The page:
Myeloma (Canada) Top 10 Priorities

  1. How can we cure myeloma?
  2. Are novel immunotherapies (e.g., CAR T) effective for the treatment of myeloma?
  3. How can we improve the diagnosing (e.g., faster, less invasive) of myeloma, and what is the impact of earlier diagnosis on patient outcomes (e.g., organ damage, bone deterioration)?
  4. What are new treatments for myeloma patients that will improve life expectancy with fewer adverse side effects (e.g., pain, nausea, neuropathy, immune suppression)?
  5. How can we personalize a patient's treatment based on their type of myeloma and genetic profile, and what is the impact of personalized medicine on treatment efficacy and disease outcomes?
  6. How can we prevent bone deterioration and/or repair bones that have been damaged without negative side effects (like those associated with bisphosphonates) or surgery?
  7. How can we safely reduce, cycle, or stop the use of medications (e.g., Dexamethasone and Revlimid) to reduce the side effects of treatment and maintain control over myeloma?
  8. How can we reduce or manage the short-term effects (e.g., diarrhea, nausea, fatigue, emotional challenges, skin reactions) and long-term effects (e.g., vision loss, loss of muscle strength) of myeloma treatment?
  9. What is the most effective way (i.e., drug combinations, sequence, frequency, and intensity) to treat refractory, relapsed, and drug resistant myeloma?
  10. Can we develop treatments specifically for high risk or aggressive myeloma that will improve outcomes for these patients?

The following questions were also discussed and put in order of priority at the workshop:

  1. What is the impact of physical activity on myeloma symptoms (e.g., bone health), mental health, and outcomes (e.g., treatment response, life expectancy)?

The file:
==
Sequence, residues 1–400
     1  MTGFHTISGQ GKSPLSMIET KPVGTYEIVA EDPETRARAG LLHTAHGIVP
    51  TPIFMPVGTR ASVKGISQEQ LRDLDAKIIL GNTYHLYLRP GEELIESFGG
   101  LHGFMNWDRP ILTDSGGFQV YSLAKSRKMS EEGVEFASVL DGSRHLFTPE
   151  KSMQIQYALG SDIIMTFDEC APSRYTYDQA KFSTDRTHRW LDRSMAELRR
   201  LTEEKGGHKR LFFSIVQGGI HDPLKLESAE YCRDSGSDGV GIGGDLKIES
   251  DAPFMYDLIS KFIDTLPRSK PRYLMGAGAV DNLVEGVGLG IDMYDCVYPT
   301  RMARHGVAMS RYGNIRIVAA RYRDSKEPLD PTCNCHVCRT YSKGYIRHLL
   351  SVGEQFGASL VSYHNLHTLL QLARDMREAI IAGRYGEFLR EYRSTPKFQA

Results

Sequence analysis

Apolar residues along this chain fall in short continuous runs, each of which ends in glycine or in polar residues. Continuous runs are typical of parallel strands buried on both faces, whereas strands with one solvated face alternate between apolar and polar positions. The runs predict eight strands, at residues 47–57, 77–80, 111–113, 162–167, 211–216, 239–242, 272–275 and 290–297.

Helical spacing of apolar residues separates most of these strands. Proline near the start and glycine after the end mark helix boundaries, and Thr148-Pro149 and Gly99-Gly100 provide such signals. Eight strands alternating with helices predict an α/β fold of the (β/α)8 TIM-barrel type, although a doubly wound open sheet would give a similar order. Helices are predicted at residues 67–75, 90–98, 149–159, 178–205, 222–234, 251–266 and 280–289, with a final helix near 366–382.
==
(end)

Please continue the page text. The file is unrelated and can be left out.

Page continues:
2. What genes are associated with the development of myeloma, and how can genetic testing be incorporated into the diagnosis and treatment of myeloma?
  3. What are new ways to monitor and/or treat the initial stages of myeloma (e.g. MGUS and smouldering myeloma) to delay or prevent the development of active myeloma?
  4. How can we restore myeloma patients' immune functioning (e.g., IgG treatment) so that they might resume their daily activities (e.g., travel, work) without fear of infections?
  5. How can we prevent decline in memory and mental functioning associated with myeloma and its treatment among myeloma patients?
  6. How can we prevent and/or manage the neuropathy associated with myeloma and its treatment?
  7. How can minimal residual disease testing be applied in myeloma treatment to improve treatment efficacy and prognosis among people with myeloma?
  8. What is the risk to blood relatives of people with myeloma, and should they be monitored or tested routinely?

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For full details of all of the questions identified by this PSP, please see the document below.